Client conversations: Why your 2023 agenda must include charitable giving

Applications for GCF’s Charter Advisor in Philanthropy (CAP®) Study Group are now open! Scroll to the bottom of this article to apply or learn more.

Have you noticed far more articles in your newsfeed about philanthropy as a planning tool for your clients than it did just a few years ago? Charitable giving has always been an important subject of client discussions for attorneys, accountants and financial advisors, but recent widespread coverage of both major charitable gifts and the ease of making online donations has prompted more of your clients to pay attention to philanthropy.

Among the dozens of reasons to talk with your clients about their charitable giving plans are what many advisors consider to be the top three:

Tax Strategies

This is a no-brainer on the list, but still, don’t assume that tax strategies will be the driving force for every client. After all, even if the tax savings on dollars donated reaches 35% or even 40%, your client will still wind up with less money in their pocket after making the donation than they would have if they’d never made the donation in the first place. 

Happily, though, most Americans are charitable, with at least 50% reporting that they give to one or more charitable organization each year. That means it’s likely that at least half of the clients walking into your office are giving to charity, so you need to be able to address the tax aspects of charitable planning. Keep in touch with GCF to stay current on the basics of tax deductibility, including AGI limitations, understanding the differences between public charities (such as a donor advised fund at GCF) versus a private foundation, and the benefits of donating highly appreciated assets to charity. GCF is also the go-to resource for more complex giving, such as bequests, qualified charitable distributions where retirement-age clients can give money from their IRAs to charity, charitable remainder or lead trusts and gifts of real estate or closely held assets. 

More on Tax Strategies

Serving Clients Across Generations

Surveys indicate that the majority of children inheriting their parents’ estates will fire their parents’ financial advisor. An aging client base can be extremely dangerous to an advisor’s business. Whether you are an attorney, accountant or financial advisor, you’re certainly aware that you need to build relationships with the next generation to stand a chance of retaining the business long-term.

Enter philanthropy. When you work with your clients on their charitable giving plans, there are several ways to include the clients’ children and grandchildren in the planning, thereby giving you the opportunity to build strong, multi-generational relationships. By helping your client plan an overall charitable giving strategy, including, for example, naming children and grandchildren as successor advisors to a donor advised fund at GCF, you’ll get to know the family dynamics as well as build relationships with other family members.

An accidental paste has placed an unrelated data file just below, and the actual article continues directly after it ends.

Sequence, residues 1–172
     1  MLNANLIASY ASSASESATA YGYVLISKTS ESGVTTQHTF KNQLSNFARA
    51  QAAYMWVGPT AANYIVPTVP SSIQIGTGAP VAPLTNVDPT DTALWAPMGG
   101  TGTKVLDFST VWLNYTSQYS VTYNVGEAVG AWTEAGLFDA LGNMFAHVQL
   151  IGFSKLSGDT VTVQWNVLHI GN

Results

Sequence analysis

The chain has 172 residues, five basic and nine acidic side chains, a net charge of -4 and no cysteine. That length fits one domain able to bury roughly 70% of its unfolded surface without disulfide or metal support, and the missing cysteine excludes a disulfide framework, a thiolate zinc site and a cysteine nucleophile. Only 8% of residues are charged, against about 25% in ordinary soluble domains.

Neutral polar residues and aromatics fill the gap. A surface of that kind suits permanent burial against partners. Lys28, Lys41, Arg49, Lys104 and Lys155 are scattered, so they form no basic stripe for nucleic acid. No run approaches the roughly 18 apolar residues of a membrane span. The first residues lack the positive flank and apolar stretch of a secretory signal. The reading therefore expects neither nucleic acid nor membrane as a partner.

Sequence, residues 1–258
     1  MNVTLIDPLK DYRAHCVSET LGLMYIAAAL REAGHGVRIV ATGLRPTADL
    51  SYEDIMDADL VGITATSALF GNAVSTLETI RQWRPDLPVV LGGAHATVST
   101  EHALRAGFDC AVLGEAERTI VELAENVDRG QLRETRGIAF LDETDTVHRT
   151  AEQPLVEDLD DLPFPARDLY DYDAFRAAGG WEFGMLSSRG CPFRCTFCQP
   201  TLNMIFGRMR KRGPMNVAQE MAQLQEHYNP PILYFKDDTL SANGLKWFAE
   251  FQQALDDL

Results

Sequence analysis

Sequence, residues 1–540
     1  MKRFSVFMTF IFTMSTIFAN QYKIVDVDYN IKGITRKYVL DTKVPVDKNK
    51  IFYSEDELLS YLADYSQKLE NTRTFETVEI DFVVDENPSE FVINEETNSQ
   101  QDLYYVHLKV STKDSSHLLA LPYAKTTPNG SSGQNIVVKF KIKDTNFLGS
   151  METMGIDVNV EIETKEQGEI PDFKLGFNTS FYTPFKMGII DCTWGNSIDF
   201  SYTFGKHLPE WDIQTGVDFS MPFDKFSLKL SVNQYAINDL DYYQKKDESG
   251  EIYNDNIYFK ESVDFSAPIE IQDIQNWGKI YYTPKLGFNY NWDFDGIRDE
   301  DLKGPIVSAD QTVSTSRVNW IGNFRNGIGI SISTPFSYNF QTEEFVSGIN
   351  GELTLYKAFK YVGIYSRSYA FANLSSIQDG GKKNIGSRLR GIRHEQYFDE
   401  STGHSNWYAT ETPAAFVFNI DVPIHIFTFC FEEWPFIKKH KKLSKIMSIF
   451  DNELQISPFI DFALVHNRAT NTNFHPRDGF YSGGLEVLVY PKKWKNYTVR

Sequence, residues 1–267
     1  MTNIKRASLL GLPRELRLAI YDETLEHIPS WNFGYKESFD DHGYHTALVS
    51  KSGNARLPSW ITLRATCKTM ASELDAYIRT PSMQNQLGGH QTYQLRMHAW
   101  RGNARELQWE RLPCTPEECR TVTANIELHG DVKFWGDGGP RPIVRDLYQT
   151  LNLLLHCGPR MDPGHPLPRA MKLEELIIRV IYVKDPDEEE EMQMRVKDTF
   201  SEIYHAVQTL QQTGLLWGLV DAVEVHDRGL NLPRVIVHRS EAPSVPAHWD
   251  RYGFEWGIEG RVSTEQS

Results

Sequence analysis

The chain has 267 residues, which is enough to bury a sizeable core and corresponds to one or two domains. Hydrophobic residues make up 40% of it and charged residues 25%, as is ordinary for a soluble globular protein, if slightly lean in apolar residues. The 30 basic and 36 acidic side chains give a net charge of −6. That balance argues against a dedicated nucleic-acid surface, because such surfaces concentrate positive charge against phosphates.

Responsibility to assist clients with their charitable goals

Many advisors take philanthropy seriously, adopting a disciplined approach and believing that it is their responsibility to understand their clients’ charitable goals and implement them to the best of their abilities. This is frequently the reason so many advisors turn to GCF for assistance as they serve their charitable clients, whether that assistance is behind-the-scenes or working together with the client.  

GCF’s purpose is to serve philanthropic individuals and families, as well as the organizations they support, to maximize overall positive impact on the community’s quality of life. The team at GCF is not only well-versed in the tax rules governing charitable giving, but it is also familiar with the programmatic elements that are critical for a nonprofit organization to deploy a financial donations and support their mission. GCF’s expertise and due diligence offer advisor’s peace of mind that a client’s favorite nonprofits have been well-vetted and are in good standing, and that their programs are legitimately serving a community need. 

By keeping these three reasons in mind, you’ll be better prepared to proactively raise the subject of charitable giving in your upcoming client meetings.

GCF Chartered Advisor in Philanthropy® Study Group

The Chartered Advisor in Philanthropy (CAP®) designation demonstrates an advisor’s commitment to provide a higher level of service and knowledge to help clients articulate and advance their highest aspirations for self, family and society. GCF offers CAP® Study Groups each year to help advisors achieve this goal as part of an annual cohort that learns together during the year, with the opportunity to participate in (re)CAP, the GCF CAP® alumni group.

The cohort will meet in person beginning in May through mid-December. Applications for the 2023 CAP® Study Group are due Wednesday, March 8, 2023.


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